PM keeps peace, but little to show for it
Ford lashes out Trudeau on climate change at first ministers meeting
MONTREAL — Prime Minister Justin Trudeau managed to keep the peace at what began as a tension-filled first ministers meeting Friday but had few concrete achievements to show for the gathering.
The one sour note was sounded by Ontario’s Progressive Conservative premier, Doug Ford, who accused Trudeau of moving the goalposts on Canada’s climate change plans, requiring Ontario to cut its greenhouse gas emissions more than Ford had expected.
But other premiers, including fellow conservative Brian Pallister from Manitoba, disputed Ford’s interpretation of what the prime minister said behind closed doors in Montreal and Trudeau himself dismissed the charge.
Ford at least did not follow through on a threat to walk out of the meeting, which he had criticized for being too narrowly focused on Trudeau’s priority — reducing interprovincial trade barriers — and not enough on the priorities of provinces and territories. Trudeau managed to mollify the premiers by letting them talk about whatever they wanted.
“Everything was discussed,” said Blaine Higgs, New Brunswick’s PC premier and the chair of the meeting from the premiers’ side. “I was encouraged by the kind of no-holds-barred discussion. That’s what we wanted and that’s what we got.”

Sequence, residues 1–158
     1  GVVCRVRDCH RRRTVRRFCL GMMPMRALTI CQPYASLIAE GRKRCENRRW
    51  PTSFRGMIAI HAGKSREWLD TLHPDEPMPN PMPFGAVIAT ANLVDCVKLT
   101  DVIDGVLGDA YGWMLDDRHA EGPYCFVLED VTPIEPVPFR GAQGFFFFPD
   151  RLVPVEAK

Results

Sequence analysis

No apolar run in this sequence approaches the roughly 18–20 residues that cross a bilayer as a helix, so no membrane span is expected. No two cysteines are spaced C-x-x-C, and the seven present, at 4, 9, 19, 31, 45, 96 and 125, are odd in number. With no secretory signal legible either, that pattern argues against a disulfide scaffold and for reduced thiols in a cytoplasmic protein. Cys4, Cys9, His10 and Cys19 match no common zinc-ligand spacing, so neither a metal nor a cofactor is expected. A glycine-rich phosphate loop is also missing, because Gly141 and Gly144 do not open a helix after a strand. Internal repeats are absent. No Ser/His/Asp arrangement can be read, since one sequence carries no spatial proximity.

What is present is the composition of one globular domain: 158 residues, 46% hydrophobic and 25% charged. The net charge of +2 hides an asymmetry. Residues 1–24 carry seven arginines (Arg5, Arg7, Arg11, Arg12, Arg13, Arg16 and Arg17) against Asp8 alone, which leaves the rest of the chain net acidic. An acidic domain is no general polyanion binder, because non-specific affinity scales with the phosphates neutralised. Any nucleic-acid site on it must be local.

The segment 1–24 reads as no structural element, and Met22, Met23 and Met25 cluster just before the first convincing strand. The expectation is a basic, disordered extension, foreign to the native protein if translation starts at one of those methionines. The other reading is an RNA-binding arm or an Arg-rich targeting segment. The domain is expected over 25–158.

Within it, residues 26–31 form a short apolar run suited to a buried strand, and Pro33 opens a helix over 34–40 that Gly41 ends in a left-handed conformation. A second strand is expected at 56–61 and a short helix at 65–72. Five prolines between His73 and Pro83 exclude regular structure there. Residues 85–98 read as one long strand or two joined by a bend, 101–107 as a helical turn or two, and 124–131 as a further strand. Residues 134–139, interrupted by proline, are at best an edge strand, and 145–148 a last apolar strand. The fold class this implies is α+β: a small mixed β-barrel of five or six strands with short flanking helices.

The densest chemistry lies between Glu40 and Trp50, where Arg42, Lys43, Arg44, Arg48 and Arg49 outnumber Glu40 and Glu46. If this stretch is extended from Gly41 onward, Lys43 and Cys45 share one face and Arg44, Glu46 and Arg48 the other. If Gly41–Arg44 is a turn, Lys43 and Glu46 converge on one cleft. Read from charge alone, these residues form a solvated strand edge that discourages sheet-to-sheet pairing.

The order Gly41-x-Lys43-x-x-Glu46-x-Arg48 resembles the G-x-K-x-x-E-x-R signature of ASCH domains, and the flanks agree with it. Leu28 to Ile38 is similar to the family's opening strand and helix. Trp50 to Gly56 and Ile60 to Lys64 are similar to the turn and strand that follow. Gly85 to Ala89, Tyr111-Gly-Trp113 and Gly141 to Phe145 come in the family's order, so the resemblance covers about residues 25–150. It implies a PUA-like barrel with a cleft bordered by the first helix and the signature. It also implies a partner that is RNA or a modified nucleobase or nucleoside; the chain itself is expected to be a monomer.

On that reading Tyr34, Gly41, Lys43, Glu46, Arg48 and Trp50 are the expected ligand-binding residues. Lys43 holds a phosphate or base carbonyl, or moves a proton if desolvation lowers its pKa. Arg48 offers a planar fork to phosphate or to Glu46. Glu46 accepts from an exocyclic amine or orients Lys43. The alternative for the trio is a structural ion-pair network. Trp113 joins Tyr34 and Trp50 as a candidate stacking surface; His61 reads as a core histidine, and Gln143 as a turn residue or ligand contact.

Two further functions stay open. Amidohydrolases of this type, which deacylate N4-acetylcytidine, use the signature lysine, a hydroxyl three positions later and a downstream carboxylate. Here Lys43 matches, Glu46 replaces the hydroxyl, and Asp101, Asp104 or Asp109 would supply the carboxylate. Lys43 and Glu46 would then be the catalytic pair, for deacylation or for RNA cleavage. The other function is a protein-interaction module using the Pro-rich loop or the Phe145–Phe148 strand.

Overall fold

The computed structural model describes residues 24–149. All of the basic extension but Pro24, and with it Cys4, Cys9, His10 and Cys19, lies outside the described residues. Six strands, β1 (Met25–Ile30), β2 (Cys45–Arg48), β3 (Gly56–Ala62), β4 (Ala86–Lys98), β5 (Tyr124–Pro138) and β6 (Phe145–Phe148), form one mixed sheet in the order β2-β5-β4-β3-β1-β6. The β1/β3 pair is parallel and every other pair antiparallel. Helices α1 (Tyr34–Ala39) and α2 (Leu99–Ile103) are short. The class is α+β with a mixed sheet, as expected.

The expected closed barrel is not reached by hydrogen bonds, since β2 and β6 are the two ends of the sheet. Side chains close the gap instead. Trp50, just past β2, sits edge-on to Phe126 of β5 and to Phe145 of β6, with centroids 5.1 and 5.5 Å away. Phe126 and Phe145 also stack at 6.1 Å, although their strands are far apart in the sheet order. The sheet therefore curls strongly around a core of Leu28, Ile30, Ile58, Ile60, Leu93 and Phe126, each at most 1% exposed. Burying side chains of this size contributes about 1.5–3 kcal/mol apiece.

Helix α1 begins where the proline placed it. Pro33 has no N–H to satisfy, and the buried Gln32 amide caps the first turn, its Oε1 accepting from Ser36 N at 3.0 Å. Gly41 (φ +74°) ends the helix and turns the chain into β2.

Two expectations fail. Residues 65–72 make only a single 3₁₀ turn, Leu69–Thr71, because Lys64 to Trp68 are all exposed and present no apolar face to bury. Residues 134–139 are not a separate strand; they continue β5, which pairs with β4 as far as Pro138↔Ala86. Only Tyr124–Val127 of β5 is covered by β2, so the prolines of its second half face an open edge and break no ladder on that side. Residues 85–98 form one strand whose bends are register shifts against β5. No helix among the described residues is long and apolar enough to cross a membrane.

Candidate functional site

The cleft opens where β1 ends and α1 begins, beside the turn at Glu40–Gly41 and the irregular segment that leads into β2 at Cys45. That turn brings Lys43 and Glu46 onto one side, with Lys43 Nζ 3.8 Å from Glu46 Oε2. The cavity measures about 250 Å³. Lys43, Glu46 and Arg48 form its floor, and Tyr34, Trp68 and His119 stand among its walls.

Trudeau and all the premiers signed on to a final communique that was long on general statements about working collaboratively to create jobs, grow the economy, protect the environment, reduce red tape and knock down barriers to trade between provinces.
After spending the biggest chunk of time discussing the oil-price crisis that is devastating Alberta’s energy industry, everyone agreed in the communique with Alberta Premier Rachel Notley’s call for federal investments in short-, medium- and long-term help to get her province’s oil and gas to ports for shipment overseas.
Alberta has been suffering from a glut of oil that has been trapped inland, away from buyers, because there hasn’t been enough transportation capacity to get it out.
The communique says all agreed the federal government should invest in short-term support for energy businesses hammered by the price differential for Alberta’s oil. The federal government should also invest in medium-term efforts to get energy products to market — which Notley took as supporting her plan to buy tanker cars to move oil by rail — as well as long-term efforts to build the infrastructure, presumably pipelines, needed to get oil and gas to tidewater.
The communique acknowledged that while all first ministers agree on reducing carbon emissions, they disagree on how to go about it. Four conservative premiers — Ford, Saskatchewan’s Scott Moe, Higgs and Pallister — are going to court to challenge the federal plan to impose a price on carbon in their provinces starting in the new year.
On interprovincial trade barriers, the first ministers agreed to what the communique called “bold steps” — harmonizing standards in the trucking sector, including tire size and size and weight restrictions, and eliminating duplication in federal and provincial food safety regimes.
Pallister, who has worked to reduce internal trade barriers for years, was thrilled to see modest progress.
“Each of these things on their own doesn’t sound like a big deal but they add up and there are literally hundreds and hundreds of these types of impediments to our ability to do business with each other and shouldn’t be there,” he said.
New Brunswick Premier Blaine Higgs (from left), Prime Minister Justin Trudeau, Quebec Premier François Legault and B.C. Premier John Horgan speak to reporters at a news conference Friday.